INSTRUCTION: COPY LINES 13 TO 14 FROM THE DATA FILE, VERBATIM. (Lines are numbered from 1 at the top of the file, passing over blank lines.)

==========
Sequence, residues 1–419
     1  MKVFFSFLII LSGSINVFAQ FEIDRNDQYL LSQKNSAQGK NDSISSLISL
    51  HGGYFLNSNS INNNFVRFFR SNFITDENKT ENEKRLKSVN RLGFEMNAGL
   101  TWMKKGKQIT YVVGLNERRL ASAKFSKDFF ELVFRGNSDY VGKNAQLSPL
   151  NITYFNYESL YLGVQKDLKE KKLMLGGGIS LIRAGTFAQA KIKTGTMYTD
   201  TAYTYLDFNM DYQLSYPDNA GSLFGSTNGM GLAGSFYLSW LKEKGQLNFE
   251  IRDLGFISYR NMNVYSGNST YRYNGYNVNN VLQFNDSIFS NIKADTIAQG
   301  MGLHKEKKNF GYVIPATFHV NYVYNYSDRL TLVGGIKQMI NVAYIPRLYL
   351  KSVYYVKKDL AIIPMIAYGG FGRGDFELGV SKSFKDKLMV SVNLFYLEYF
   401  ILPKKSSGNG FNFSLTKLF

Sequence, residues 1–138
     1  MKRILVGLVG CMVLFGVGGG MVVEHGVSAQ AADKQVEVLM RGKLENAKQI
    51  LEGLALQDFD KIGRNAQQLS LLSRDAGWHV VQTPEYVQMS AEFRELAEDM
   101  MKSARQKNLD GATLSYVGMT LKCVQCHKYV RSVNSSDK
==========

    51  LEGLALQDFD KIGRNAQQLS LLSRDAGWHV VQTPEYVQMS AEFRELAEDM
   101  MKSARQKNLD GATLSYVGMT LKCVQCHKYV RSVNSSDK